As the preoperative diagnosis, NET or acinar cell carcinoma was considered and pancreaticoduodenectomy was performed. Under the surgical investigation, the pancreatic parenchyma in the head region was displaced by tumor invading the duodenum and lower bile duct. Histologically, the lesion was comprised of small nests and cords of uniform cells arranged in a trabecular or ribbon-like pattern (Figure 3ab). The pseudo-rosette formation (Figure 3c) was seen and the intratumoral stroma had rich fibrosis. Lymphatic, venous and neural invasions (Figure 3def) were observed in the pancreatic head region. Peripancreatic lymph node involvement was also confirmed but there was no neural invasion to the peripancreatic tissues. The pancreatic head tumor directly invaded the MPD, the duodenal muscle and intramucosal lymphatics, but the invasion to the common bile duct was not observed. In the pancreatic body region, the intraductal tumor was connected to the intraductal mass in the head region, and grew within the lumen of the MPD with complete deficiency of the ductal epithelium and proliferation of collagenous tissue of the ductal wall. Immunohistochemically, the tumor cells were positive for chromogranin A and synaptophysin, and negative for insulin, glucagon, somatostatin, gastrin and vasoactive intestinal peptide. The final diagnosis was neuroendocrine tumor, G2.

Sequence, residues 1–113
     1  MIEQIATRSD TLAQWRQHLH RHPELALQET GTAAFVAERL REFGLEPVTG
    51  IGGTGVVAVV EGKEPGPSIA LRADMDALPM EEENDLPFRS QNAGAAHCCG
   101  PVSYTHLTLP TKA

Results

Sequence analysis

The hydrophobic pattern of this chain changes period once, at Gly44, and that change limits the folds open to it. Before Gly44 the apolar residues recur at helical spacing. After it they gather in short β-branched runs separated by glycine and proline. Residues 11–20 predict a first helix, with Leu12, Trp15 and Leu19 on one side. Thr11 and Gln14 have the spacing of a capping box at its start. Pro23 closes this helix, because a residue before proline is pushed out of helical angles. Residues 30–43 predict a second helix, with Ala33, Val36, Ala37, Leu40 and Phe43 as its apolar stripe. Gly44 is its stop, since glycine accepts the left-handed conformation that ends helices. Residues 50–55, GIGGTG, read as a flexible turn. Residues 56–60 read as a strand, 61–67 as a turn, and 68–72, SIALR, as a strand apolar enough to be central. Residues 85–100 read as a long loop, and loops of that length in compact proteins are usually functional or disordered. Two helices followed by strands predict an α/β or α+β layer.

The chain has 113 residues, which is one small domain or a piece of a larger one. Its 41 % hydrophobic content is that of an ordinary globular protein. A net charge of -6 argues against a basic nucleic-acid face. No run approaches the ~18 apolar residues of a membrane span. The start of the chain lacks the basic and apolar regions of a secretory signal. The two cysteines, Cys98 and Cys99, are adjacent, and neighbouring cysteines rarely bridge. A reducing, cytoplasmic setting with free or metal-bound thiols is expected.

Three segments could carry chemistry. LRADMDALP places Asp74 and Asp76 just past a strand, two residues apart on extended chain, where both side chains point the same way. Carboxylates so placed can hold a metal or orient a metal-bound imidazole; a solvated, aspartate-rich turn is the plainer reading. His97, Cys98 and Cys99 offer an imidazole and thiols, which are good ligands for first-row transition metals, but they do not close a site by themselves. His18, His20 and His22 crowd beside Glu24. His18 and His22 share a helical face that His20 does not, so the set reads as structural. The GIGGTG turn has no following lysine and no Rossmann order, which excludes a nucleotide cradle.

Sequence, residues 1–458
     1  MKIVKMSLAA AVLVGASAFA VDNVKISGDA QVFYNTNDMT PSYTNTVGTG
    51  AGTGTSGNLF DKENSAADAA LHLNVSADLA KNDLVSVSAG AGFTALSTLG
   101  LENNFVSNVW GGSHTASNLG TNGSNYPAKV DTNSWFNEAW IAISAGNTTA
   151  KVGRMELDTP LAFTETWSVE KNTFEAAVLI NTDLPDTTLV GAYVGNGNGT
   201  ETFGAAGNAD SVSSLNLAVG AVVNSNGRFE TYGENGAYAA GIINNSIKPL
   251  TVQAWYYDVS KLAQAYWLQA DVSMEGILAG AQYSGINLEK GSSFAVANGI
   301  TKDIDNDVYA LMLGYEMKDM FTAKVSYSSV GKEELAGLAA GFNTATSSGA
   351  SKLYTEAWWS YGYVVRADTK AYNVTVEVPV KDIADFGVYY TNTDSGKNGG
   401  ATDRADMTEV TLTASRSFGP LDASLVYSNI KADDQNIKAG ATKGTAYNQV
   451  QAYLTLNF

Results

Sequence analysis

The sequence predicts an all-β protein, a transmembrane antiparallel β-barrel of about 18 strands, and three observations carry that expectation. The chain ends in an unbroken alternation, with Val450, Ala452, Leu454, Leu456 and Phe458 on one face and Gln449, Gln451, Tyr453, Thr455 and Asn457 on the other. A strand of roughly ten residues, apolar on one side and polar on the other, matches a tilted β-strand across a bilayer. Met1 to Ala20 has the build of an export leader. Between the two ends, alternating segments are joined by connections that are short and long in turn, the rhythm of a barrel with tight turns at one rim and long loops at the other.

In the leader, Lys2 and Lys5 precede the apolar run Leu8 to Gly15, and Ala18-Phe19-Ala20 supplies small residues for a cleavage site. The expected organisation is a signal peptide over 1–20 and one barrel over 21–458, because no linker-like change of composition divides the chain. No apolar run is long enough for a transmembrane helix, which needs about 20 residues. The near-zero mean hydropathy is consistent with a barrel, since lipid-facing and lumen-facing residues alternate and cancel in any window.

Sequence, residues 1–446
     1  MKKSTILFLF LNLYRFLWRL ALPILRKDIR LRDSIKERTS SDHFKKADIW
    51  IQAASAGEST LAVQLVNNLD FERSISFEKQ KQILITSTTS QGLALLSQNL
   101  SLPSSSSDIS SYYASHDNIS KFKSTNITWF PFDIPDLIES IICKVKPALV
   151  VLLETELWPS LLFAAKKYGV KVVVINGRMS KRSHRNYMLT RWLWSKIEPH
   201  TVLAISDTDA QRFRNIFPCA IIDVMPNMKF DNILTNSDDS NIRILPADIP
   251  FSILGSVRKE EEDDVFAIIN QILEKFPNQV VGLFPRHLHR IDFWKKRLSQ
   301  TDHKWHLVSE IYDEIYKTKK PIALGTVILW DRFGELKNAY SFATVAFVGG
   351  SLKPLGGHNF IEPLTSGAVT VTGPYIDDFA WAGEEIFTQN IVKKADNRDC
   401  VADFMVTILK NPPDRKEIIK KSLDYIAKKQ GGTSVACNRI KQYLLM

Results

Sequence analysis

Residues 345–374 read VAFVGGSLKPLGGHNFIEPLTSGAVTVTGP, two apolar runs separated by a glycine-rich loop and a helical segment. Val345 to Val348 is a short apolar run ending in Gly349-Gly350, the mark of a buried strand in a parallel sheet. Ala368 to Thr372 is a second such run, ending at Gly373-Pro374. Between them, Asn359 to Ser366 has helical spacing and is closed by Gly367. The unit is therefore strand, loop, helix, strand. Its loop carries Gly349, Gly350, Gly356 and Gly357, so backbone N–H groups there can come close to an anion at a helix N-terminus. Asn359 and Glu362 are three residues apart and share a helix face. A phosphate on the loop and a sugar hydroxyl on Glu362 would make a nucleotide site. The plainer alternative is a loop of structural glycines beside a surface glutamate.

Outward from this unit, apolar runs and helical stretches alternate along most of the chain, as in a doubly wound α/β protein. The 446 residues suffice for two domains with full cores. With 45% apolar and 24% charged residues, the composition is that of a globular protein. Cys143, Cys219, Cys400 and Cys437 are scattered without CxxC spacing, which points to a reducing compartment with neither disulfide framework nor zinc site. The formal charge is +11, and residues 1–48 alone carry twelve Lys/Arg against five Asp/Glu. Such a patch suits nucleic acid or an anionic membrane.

Figure 3. Histopathological findings (H&E stain). The pancreatic head lesion is comprised of small nests and cords of uniform cells (a.) arranged in a trabecular or ribbon-like pattern (b.). The pseudo-rosette formation (c.) is seen and the intratumoralstroma has rich fibrosis. Lymphatic (d.), venous (e.) and neural invasions (f.) are observed in the pancreatic head region.
Non-functioning pancreatic NETs have a high malignant potential. They are occasionally found when the tumor is enlarged and then, causes clinical symptoms, including abdominal pain and obstructive jaundice. The intraductal growth of NETs of the pancreas is rare. To the best of our knowledge, only six cases of intraductal growth of NETs have been reported in the English literature [3-7]. Seki et al.  reported that the finding of clubbed occlusion of the MPD on endoscopic retrograde pancreatography was the most important feature for differentiating the pancreatic endocrine tumors from common type carcinomas.